Leaving class to relieve stress

Haven Thacker, Reporter

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Everyone has experienced the feeling of being completely overwhelmed with stress. Certain teachers allow their students to take a break during long class periods to get outside and relieve some of the stress that is present and unavoidable.

Students who attended Thurston and had health teacher, Penny Dressler, understand how nice it is to have a small break during class. On block days after a health lesson, Dressler gives her students five minutes to take a lap around the field, go to the bathroom, get water, or just some fresh air. Although this seems like a very short amount of time, this helps students to take a few minutes to escape the classroom that they are trapped in for almost two hours.

Breaks are a ‘reset’ button in several ways. Evidence supports the idea that getting up and moving stimulates brain function and allows for greater access to learning,” says Dressler. “Beyond allowing for greater learning, scientific studies provide further evidence that breaks increase mindfulness and reduce stress. I believe all classes would benefit greatly by taking a short walk during block periods.

Students are not opposed to the idea of receiving a break during class. It makes class and the workload that comes with it much more doable.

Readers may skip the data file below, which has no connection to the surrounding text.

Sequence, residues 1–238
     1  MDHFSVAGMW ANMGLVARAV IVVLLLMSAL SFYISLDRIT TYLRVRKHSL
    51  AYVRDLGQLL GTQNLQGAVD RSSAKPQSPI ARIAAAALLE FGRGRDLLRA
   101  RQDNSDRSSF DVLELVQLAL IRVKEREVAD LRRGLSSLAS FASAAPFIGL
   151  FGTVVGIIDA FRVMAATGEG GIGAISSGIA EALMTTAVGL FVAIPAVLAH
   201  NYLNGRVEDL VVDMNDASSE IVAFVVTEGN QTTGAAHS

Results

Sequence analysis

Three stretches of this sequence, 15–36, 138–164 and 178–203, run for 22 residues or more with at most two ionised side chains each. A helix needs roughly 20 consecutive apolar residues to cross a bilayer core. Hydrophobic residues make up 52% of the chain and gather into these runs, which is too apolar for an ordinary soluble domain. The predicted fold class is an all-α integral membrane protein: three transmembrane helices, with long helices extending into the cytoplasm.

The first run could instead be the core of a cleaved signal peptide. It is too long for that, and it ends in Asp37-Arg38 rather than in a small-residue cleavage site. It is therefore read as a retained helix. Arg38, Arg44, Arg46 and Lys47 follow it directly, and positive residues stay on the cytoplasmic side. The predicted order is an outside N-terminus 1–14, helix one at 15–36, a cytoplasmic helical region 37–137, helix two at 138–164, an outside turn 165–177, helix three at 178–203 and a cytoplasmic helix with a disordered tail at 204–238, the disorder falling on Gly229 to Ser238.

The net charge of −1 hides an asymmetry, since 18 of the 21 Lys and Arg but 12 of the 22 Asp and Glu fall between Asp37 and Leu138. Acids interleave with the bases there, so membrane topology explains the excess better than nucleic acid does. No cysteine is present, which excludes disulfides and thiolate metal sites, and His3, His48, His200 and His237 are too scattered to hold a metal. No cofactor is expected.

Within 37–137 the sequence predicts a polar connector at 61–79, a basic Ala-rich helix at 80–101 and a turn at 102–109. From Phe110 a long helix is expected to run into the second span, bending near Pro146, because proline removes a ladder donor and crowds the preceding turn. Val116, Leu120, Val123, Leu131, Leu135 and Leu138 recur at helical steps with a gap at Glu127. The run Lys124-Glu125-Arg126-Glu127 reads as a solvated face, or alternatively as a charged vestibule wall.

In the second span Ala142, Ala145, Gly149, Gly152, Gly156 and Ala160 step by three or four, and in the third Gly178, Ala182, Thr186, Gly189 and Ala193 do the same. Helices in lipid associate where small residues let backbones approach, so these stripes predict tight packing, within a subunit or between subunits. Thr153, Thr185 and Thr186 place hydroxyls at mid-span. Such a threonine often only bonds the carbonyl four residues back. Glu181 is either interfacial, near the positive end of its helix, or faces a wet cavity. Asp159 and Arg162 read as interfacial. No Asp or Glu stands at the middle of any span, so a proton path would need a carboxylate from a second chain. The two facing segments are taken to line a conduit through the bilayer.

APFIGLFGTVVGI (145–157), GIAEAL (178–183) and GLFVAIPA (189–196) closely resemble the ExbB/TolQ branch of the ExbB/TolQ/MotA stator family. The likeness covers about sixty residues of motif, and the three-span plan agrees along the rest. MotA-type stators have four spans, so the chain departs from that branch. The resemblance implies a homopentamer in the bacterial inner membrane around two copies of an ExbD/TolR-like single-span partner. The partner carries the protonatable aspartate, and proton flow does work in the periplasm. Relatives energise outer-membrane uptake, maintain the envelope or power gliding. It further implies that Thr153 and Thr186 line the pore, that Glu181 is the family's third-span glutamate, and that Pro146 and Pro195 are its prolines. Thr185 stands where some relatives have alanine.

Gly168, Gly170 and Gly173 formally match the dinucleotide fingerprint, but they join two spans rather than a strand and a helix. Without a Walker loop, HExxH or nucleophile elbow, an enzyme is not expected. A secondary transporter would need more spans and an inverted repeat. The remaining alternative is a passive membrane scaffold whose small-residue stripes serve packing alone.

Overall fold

“Getting a break in health made it easier to pay attention and get all my work done. It gave me time to refocus, and it was the best especially on the long block days when Mrs. Dressler would cover lots of material,” says freshman Abigail Williams.

In addition, students who had or have Mr. Brobeck for English understand the benefits of taking a break from stress during long classes and after taking difficult tests.

We’re all human here, and humans require short breaks from time to time to stay efficient. I have seen students re-focus quickly after a walk,” says Brobeck.

Not only does a quick break allow kids to de-stress and refocus, it also allows teachers to get to know their students on a more personal level. They can learn about their students’ experiences, things going on in their lives and even form stronger connections with them during these brief asides from class.

“I have also noticed that it’s nice to walk and have casual conversations with my students about topics unrelated to English. I think showing an interest in students’ personal lives goes a long way to them wanting to work for you in class,” says Brobeck.

Allowing students to clear their minds and de-stress for a little also allows teachers to do the same. It is hard for many people to sit still and focus for long amounts of time. Breaks often help to regain lost focus and energy.
“Every teacher has an enormous amount of material to cover. I have yet to find my 5-minute walks to be wasted time. In the right places, an occasional step outside can recharge any tired student or teacher,” says Brobeck.

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